Plymouth to Roscoff ferry crossings connect the southwest of England to Brittany in the northwest of France. The crossing is operated by Brittany Ferries. Brittany Ferries sail up to 2 times per day with an approximate journey time of 6-8 hours.
Plymouth is the most western port in England while Roscoff is the most western port in France. Both Plymouth and Roscoff offer excellent access to major road networks. Therefore getting to and from both ports is easy. This combined with both day and nighttime ferries make the Plymouth to Roscoff crossing very popular with those heading to Brittany.
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Plymouth to Roscoff Route FAQ’s
Our Plymouth Roscoff FAQ’s section helps you to find answers to the most commonly asked questions about the route.
Who operates the route from Plymouth to Roscoff?
Brittany Ferries is the only company to operate the crossing, using two ferries, the Pont Aven and Armorique.
How long is the Plymouth Roscoff crossing?
The crossing takes approximately 6-8 hours however this is dependant upon the time of day.
How many crossings are there per day?
Brittany Ferries currently offer up to 2 crossings per day on their ferry timetable.
What time is the first crossing from Plymouth to Roscoff?
The first crossing leaves at 0700 but times do vary depending upon the time of year.
What time is the last crossing from Plymouth to Roscoff?
The last crossing leaves at 23:40 but times do vary depending upon the time of year.
Where can I find out more about the return route?
The return Roscoff to Plymouth route details can be found by clicking here.
Plymouth, Britain’s Ocean City, is located in Devon in the southwest of England and is the gateway for many travellers both leaving the UK for France and Europe and also those who travel to the UK from the continent.
The city and port of Plymouth have shared a long seafaring history with shipbuilding and the Royal Navy being based there since the 1300’s. Plymouth itself, attracts thousands of visitors each year, many wishing to find out more about the city’s history.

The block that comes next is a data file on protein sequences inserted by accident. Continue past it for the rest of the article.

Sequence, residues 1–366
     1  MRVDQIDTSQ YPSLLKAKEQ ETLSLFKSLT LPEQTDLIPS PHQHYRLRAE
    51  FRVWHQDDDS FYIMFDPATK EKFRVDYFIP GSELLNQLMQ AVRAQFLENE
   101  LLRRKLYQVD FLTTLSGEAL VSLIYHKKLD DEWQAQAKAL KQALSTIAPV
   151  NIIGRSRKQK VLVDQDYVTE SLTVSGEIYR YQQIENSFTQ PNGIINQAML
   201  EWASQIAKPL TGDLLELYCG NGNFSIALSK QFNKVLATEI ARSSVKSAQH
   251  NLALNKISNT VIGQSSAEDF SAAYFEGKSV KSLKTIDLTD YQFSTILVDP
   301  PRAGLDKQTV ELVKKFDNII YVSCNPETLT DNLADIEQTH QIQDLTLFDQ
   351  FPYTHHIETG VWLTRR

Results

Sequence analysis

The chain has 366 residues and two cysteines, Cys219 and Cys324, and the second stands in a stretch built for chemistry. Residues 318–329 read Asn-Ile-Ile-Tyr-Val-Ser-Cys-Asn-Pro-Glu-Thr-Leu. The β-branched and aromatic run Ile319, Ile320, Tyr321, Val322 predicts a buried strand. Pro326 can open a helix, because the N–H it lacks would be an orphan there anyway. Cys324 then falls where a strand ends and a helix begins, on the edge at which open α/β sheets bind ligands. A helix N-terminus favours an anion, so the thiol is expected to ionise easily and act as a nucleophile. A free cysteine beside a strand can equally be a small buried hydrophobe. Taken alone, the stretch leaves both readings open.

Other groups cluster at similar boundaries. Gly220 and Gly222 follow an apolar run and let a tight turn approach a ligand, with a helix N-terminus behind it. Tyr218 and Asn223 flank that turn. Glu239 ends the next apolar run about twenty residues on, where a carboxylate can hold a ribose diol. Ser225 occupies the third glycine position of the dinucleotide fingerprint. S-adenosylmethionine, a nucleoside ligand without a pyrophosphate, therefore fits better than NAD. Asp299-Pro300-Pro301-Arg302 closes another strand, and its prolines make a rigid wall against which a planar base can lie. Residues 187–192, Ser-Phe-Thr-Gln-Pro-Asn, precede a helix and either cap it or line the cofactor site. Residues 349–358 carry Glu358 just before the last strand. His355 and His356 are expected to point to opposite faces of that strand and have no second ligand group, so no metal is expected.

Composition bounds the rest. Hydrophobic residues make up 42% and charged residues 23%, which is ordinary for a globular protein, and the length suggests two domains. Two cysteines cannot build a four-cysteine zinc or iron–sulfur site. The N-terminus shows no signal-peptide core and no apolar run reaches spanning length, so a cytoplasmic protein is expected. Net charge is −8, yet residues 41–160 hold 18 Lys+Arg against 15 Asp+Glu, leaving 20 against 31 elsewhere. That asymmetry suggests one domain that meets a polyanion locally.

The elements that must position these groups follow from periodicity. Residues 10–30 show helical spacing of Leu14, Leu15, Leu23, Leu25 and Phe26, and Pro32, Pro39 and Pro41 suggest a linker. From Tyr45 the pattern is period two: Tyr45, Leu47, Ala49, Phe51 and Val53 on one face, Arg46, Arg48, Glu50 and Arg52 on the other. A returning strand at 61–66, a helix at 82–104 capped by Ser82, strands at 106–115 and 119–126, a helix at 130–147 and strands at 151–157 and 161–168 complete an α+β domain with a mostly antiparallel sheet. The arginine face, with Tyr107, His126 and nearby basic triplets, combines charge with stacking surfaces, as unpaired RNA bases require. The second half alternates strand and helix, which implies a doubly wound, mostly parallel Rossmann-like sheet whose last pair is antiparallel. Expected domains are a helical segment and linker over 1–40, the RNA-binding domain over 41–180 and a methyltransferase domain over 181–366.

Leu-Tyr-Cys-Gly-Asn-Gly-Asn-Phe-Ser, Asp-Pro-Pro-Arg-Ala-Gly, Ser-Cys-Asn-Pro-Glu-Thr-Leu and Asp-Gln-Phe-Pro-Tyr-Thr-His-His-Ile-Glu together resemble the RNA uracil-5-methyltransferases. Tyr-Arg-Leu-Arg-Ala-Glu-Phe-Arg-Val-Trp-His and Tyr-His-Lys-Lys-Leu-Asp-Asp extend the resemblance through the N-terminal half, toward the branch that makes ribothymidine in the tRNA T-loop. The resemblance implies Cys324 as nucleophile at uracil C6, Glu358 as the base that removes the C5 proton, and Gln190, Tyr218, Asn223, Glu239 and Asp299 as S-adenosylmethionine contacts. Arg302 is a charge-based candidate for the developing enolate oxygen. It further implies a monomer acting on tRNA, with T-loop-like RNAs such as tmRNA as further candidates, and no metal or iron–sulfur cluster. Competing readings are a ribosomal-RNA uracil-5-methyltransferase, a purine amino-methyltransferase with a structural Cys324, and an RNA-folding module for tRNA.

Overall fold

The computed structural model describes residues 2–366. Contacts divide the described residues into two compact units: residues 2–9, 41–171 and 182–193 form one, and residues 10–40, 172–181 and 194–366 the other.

Not only does Plymouth boast the largest operational Naval base in western Europe but also a variety of other historical and enjoyable attractions. The Pilgrim Fathers left Plymouth to travel to America and the Mayflower Steps are high on many visitors itineraries, as is Plymouth’s distillery which is home to the famous Plymouth Gin.
The city’s Barbican and Hoe areas boast a variety of wonderful buildings. These include historical medieval buildings that survived the bombings of WW2, the city’s iconic red and white striped Smeaton’s Tower, and the more modern National Marine Aquarium.
Roscoff offers visitors the perfect insight into what they can expect from Brittany and French architecture, history, food and culture.
Although Roscoff ferry port has been in operation since the early 1970s, as you’d expect Roscoff’s charm and attraction lies within the older parts of the port and city. These include a wonderful variety of 16th Century traditional granite houses and buildings, its beautiful rugged coastline, gift shops, galleries and traditional restaurants and cafes selling a variety of seafood and of course Breton Crepes and Breton Cider.
Those visiting Roscoff will be amazed by how picturesque and quaint this old fishing village is and with a variety of wonderful places available to visit nearby such as the Notre Dame de Croatz Batz, which is a beautifully restored 16th century Gothic church, the Ile de Batz, St Pol de Leon and the merchant town of Morlaix you really will be spoilt for choice.